If a Cambodian were asked to pick one object that, to him, represents life in the country today, what would it be? If asked to express in a photo or small item his memories of the country’s tragic past or his dreams for his or Cambodia’s future, what would he come up with?
This is what German artists Horst Hoheisel and Sebastian Brandt are hoping to find out. The pair is inviting Cambodians to bring in such objects with brief texts explaining what they mean to them. Once collected, the objects will be assembled into an installation and exhibited at Meta House in Phnom Penh on Feb 12. Those who supply items will remain anonymous.
The items, Brandt said, “could be pictures, photos, small personal objects of memory, objects which belong essentially to daily life, objects which symbolize their dreams and fears, their unanswered questions—anything.”
The two artists first meant to focus on the Khmer Rouge legacy in today’s Cambodia—Hoheisel has worked extensively on the effects of Nazi Germany’s genocide on German society—but soon realized the topic is still difficult for Cambodians to address, Brandt said. There are plans to exhibit the installation in Germany soon, he said.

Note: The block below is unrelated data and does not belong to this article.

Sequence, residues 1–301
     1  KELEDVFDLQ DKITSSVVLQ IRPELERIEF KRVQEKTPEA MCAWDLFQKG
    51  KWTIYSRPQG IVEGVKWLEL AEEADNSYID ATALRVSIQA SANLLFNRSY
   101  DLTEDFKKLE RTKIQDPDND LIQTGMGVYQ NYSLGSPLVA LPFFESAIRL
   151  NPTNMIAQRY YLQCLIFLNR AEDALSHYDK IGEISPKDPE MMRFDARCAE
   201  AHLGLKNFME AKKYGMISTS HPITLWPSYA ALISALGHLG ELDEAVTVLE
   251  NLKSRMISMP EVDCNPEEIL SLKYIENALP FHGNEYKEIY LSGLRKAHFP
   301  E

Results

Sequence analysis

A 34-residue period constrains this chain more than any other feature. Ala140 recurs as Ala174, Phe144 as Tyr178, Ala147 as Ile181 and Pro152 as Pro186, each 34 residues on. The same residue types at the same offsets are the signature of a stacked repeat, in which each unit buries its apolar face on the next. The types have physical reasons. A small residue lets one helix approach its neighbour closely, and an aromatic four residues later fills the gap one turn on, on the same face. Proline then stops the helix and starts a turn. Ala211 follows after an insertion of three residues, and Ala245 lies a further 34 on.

German photographer Arjay Stevens is also launching an invitation, this time to Cambodian artists, to produce artworks to be exhibited at Meta House along with his photos in mid-March.
Stevens, who is based in Phnom Penh, is asking artists to paint, cut or transform what he sees as an omnipresent example of globalization: the plastic chair.
“I saw it in Germany when I went home. I saw it in France. I saw it in Beijing. I even saw it right in front of Angkor Wat,” he said.
Meta House is making this “Universal Chair” project a contest with a small cash prize, and artists can get chairs to work on when they come to register, Meta House art manager Lydia Parusol said.
Cambodians wishing to take part in either project can go directly to Meta House on Street 264 or call 023-224-140.